The experience of watching a long-play VHS tape was indeed a visceral one. The timing of the jingles and the order of the programs in addition to the placement of the all-too-frequent lapses in reception were, indeed, akin to a music suite. That’s why I’ve been working on this VHS Time Capsule–to bring back a piece of that experience for the future generations to understand and enjoy. Or, at the very least, for this generation to reminisce over!
Last week, I rewatched an episode of Reading Rainbow that I have long cherished. As the episode begins, LeVar Burton, the show’s host, appears alone on a smog-filled dock on Charleston Harbor.
Source: Ad Me
Y’all…Miss Cleo died. I wonder if the cards told her it was coming.
Miss Cleo dead at 53
Source: Miss Cleo dead at 53 / Boing Boing
Remember when you had to pay for long-distance telephone service?
One of AT&T’s “The Right Choice” series of advertisements from the mid-late 1980s. This one features then-director of market management Nina Aversano explaining why AT&T is the best market choice for long-distance telephone service in the deregulation era.
1988 closing credits from “As The World Turns” including the advertisement that put the “soap” in “soap opera”, Dan Region’s invitation for the next episode, and the Procter & Gamble Productions ident. I don’t know about you, but that theme song really sticks out in my memory. My mom watched ATWT religiously (hence the VHS recording), so this sequence conjures a weird nostalgia for me. A nostalgia for simpler times, console televisions, and syndicated cartoons.
Clip of the ending segments of the OG Arsenio Hall Show showing the “funky dancing paiges”, Continental Airlines credit, and signoff: “I’ll see you in 23 hours….”
Man, I miss that show!
Remember once upon a time, back before Netflix and Crunchyroll, before Facebook and Wikipedia, back when there were few ways to find out about anime beyond obscure internet fora or trawling your local video store?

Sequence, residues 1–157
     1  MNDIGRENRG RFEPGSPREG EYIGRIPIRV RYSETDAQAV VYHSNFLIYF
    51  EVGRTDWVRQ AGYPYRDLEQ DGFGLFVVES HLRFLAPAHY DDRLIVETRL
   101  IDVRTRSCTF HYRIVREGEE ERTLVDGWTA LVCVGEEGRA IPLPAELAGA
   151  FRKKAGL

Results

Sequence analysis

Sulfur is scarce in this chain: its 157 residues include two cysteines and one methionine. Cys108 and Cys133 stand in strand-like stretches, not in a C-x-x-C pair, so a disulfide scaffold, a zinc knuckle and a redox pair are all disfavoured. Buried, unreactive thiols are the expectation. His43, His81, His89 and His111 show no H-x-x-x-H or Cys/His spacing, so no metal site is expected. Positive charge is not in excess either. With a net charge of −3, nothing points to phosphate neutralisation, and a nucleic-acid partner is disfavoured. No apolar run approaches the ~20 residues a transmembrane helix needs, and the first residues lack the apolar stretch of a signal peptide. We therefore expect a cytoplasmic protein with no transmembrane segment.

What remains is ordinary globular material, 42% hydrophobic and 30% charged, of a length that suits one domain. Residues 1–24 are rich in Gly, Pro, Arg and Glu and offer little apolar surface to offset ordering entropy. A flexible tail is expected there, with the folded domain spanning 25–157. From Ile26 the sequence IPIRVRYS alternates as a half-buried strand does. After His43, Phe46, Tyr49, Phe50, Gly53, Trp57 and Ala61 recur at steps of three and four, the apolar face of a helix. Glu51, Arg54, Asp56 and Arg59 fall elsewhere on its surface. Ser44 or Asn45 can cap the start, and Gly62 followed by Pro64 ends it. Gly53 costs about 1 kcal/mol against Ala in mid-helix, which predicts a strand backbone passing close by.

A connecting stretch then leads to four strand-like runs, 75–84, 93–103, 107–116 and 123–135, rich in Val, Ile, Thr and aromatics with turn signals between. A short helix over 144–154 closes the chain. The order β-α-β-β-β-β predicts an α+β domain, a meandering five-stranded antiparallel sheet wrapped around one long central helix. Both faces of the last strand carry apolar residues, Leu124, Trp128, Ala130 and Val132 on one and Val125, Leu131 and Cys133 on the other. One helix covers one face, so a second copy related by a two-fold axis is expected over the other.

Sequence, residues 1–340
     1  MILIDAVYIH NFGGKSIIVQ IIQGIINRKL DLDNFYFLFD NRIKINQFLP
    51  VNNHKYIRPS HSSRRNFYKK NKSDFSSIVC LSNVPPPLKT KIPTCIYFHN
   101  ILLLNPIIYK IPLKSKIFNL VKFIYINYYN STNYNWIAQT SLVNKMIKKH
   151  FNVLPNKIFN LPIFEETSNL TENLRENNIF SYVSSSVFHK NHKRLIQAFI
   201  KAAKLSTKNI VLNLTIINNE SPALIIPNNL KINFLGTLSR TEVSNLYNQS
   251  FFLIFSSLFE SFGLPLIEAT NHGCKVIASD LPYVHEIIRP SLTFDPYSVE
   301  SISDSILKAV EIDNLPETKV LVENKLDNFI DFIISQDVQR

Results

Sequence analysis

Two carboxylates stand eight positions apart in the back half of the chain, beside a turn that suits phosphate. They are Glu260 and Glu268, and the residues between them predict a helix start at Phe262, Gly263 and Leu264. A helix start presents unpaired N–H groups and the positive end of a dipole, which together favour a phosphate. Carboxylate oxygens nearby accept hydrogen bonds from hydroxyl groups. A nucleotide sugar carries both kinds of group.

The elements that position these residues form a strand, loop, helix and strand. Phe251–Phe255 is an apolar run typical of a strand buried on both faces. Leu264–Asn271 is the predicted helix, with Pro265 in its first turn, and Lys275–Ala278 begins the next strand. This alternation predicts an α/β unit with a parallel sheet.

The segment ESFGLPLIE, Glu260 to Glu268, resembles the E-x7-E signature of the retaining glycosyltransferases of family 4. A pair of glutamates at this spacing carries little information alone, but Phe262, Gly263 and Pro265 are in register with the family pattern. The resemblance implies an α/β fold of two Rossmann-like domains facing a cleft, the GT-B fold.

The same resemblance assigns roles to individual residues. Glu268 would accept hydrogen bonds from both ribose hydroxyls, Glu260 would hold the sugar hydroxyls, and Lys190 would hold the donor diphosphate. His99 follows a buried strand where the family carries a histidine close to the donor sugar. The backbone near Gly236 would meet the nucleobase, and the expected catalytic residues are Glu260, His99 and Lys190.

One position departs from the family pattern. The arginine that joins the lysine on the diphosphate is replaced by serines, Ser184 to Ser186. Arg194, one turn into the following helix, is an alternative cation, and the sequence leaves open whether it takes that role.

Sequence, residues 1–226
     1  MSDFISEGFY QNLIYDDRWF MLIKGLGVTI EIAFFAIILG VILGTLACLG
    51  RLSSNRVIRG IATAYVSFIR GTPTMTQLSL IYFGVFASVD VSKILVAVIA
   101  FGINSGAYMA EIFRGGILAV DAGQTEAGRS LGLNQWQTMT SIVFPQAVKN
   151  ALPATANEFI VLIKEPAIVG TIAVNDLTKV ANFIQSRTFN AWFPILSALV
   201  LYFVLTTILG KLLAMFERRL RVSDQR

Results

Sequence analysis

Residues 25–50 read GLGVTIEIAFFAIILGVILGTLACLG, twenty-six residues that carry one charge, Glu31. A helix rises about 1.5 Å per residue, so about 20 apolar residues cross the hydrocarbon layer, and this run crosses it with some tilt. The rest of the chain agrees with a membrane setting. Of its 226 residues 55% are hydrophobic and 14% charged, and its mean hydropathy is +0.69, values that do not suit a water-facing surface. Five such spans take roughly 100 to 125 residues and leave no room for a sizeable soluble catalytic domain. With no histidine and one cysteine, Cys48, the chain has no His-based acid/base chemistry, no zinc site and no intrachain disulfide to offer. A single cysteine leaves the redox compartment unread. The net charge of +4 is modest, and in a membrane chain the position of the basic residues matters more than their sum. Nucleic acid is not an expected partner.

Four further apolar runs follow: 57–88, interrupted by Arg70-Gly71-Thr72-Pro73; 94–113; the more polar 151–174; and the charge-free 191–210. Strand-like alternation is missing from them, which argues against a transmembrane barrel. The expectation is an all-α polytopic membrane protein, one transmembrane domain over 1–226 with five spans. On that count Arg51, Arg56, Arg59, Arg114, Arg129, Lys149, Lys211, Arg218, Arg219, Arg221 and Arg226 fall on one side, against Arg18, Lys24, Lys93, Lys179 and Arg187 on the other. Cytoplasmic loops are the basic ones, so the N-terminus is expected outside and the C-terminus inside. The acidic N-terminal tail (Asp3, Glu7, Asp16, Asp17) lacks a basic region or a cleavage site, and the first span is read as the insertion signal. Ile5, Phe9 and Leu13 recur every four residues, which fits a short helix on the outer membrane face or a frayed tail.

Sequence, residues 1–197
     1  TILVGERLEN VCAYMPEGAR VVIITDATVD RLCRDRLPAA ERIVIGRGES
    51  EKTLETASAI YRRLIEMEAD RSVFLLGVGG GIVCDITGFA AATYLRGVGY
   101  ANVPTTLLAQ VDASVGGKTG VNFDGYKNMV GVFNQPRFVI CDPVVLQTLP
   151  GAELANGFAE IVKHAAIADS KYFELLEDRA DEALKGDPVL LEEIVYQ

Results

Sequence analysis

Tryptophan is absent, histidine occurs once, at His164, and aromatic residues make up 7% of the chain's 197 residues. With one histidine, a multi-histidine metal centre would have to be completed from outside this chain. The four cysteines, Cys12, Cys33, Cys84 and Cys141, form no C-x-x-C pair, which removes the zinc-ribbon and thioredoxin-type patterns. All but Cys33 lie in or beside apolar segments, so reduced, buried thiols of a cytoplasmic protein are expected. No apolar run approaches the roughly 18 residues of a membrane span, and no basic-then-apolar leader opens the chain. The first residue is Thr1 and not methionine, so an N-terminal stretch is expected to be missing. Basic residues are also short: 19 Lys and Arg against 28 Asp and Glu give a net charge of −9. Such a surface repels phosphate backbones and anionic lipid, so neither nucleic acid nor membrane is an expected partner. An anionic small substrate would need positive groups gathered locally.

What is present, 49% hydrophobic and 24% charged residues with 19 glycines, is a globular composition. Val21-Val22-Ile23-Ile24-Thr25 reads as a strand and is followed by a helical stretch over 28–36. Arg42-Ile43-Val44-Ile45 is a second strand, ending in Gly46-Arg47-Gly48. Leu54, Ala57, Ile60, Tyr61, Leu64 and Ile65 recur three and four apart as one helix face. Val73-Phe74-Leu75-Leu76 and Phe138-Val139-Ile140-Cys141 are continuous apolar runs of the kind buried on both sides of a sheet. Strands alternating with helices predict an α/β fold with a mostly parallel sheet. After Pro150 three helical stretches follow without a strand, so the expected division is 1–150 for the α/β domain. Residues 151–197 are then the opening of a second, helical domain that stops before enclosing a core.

When I was a kid, it was a difficult–and expensive–proposition to find new anime. In west Cobb county, we didn’t have access to a hearty VHS sharing community, and the nearest Japanese shops were 30+ miles away in Gwinnett County. We did, however, have Hollywood Video on Dallas Highway and Suncoast Motion Picture Company at Town Center Mall!
Hollywood Video did manage to have a decent selection of anime for a video store in suburban Georgia in the 1990s–Macross, Fist of the North Star, and Ranma 1/2 to name but a few. Mostly older titles at the time, but it was a great introduction to the classics. Suncoast, being a retail store, stocked the latest titles being released by Bandai and Pioneer–they just happened to cost around $25 per VHS tape (a veritable fortune, considering only 2 episodes per tape). A series might cost someone upwards of $150, and you have no way to preview it!
To help sell these outrageously priced VHS tapes, Suncoast occasionally published a catalogue of upcoming titles to generate buzz. I grabbed one of these one afternoon while I was at the mall and, for some reason, held onto it these last 17 years or so. Obviously, I’ve seen a few of these titles in the intervening years, but I thought it fun to use it as a springboard to get back into anime as I haven’t really paid much attention to it since giant robots faded into obscurity. Keep an eye on this space; I’ll review each of these titles as I watch them and maybe get a little insight and reminisce about a bygone era in animation.